But I’m actually more worried about the threat from within. Over the years, I have watched a growing intolerance at universities in this country – not intolerance along racial or ethnic or gender lines – there, we have made laudable progress. Rather, a kind of intellectual intolerance, a political one-sidedness, that is the antithesis of what universities should stand for. It manifests itself in many ways: in the intellectual monocultures that have taken over certain disciplines; in the demands to disinvite speakers and outlaw groups whose views we find offensive; in constant calls for the university itself to take political stands. We decry certain news outlets as echo chambers, while we fail to notice the echo chamber we’ve built around ourselves.
This results in a kind of intellectual blindness that will, in the long run, be more damaging to universities than cuts in federal funding or ill-conceived constraints on immigration. It will be more damaging because we won’t even see it: We will write off those with opposing views as evil or ignorant or stupid, rather than as interlocutors worthy of consideration. We succumb to the all-purpose ad hominem because it is easier and more comforting than rational argument. But when we do, we abandon what is great about this institution we serve.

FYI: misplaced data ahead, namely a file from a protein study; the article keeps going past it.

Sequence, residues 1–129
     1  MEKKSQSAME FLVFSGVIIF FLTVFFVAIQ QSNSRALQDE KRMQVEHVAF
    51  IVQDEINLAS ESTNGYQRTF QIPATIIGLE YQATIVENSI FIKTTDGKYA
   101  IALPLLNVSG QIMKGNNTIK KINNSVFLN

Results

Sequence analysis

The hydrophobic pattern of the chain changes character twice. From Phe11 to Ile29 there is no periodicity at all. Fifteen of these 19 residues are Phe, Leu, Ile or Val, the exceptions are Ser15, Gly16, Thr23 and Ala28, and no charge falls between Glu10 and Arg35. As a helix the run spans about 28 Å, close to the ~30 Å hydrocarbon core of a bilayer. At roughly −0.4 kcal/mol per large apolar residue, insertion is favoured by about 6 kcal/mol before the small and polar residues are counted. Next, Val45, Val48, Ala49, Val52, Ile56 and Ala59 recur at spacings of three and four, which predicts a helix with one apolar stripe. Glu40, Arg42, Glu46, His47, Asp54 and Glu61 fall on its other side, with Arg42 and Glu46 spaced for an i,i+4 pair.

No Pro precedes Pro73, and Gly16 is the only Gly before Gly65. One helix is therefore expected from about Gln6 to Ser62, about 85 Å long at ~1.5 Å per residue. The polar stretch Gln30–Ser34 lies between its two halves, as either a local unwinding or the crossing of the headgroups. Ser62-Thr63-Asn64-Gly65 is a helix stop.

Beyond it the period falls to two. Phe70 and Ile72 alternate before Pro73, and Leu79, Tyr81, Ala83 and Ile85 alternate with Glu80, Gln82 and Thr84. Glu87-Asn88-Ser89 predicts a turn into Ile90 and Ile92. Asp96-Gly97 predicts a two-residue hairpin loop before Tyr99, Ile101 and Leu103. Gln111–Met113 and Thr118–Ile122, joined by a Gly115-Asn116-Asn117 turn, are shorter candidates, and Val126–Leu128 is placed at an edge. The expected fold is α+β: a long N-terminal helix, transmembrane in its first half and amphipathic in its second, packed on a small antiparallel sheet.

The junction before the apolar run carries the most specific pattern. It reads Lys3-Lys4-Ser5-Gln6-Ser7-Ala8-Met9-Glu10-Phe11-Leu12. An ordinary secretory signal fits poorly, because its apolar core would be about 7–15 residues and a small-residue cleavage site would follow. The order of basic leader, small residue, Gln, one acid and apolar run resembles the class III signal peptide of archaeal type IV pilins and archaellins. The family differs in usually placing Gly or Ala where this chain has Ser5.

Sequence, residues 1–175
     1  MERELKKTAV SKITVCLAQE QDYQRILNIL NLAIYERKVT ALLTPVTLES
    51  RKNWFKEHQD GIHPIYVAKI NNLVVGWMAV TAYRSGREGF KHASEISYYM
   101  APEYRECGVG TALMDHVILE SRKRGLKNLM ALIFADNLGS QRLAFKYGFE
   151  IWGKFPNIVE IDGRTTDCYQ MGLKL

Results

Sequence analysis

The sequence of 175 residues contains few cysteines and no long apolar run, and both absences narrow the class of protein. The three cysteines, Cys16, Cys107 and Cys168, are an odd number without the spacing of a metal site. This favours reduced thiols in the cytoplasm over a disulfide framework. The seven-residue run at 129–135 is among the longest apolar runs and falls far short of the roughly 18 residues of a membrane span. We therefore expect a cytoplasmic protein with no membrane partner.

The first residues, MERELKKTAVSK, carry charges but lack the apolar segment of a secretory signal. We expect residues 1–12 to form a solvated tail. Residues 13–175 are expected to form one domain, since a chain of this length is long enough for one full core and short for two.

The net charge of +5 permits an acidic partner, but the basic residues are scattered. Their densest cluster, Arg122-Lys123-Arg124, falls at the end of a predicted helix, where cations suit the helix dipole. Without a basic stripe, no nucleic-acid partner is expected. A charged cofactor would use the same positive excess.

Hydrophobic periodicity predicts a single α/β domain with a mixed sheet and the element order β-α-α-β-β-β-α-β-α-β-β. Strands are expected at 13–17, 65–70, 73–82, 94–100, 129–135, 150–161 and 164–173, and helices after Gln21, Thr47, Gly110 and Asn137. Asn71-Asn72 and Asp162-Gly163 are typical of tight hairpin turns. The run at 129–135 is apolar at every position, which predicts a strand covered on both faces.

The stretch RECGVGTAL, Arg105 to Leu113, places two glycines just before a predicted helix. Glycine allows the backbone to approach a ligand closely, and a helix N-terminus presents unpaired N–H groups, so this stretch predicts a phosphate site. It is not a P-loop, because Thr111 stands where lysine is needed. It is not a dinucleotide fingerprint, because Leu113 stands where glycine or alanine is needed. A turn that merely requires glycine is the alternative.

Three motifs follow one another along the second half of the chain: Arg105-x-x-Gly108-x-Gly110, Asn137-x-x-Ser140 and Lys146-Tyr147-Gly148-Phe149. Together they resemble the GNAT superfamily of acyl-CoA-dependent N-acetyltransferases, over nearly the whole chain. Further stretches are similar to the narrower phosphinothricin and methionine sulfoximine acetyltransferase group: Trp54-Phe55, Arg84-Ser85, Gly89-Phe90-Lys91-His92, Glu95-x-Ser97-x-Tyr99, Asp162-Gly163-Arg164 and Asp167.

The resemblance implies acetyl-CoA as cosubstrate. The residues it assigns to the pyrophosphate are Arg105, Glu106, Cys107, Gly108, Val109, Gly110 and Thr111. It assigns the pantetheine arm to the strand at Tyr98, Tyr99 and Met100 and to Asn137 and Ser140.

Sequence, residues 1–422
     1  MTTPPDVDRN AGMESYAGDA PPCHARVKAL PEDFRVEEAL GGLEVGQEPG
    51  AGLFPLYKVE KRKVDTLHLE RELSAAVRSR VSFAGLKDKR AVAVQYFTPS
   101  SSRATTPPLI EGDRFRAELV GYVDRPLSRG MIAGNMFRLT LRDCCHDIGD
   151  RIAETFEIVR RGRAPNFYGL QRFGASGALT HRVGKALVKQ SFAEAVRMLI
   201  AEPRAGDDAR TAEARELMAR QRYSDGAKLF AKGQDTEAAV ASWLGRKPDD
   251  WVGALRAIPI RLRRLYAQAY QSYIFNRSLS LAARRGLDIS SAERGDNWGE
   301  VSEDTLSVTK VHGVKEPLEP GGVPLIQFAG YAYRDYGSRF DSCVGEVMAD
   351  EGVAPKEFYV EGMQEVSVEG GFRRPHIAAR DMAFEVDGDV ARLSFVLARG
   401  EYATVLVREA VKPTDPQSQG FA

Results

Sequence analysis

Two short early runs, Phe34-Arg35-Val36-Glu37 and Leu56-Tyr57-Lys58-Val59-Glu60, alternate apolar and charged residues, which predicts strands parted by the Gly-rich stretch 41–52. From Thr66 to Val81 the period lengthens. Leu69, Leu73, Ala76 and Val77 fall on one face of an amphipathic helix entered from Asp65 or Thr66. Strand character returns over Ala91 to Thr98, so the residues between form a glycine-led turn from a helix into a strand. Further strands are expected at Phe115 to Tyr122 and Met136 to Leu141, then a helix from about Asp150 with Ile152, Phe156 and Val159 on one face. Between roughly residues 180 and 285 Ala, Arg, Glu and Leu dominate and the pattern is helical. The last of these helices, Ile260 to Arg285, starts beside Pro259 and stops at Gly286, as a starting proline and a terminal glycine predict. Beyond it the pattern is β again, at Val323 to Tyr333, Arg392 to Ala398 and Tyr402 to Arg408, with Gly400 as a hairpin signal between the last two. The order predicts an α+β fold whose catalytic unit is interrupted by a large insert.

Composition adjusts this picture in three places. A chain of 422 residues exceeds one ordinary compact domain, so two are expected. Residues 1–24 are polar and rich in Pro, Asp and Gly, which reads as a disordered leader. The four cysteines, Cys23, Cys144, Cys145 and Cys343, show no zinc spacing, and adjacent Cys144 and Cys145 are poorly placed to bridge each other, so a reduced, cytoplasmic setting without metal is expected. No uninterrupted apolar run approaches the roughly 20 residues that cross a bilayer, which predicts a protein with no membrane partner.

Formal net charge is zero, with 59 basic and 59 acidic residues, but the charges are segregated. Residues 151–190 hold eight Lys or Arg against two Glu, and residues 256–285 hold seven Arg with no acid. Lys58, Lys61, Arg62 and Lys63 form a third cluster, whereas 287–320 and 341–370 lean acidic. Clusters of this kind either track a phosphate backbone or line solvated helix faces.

It will not be easy to resist this current. As an institution, we are continually pressed by faculty and students to take political stands, and any failure to do so is perceived as a lack of courage. But at universities today, the easiest thing to do is to succumb to that pressure. What requires real courage is to resist it. Yet when those making the demands can only imagine ignorance and stupidity on the other side, any resistance will be similarly impugned.
The university is not a megaphone to amplify this or that political view, and when it does it violates a core mission. Universities must remain open forums for contentious debate, and they cannot do so while officially espousing one side of that debate.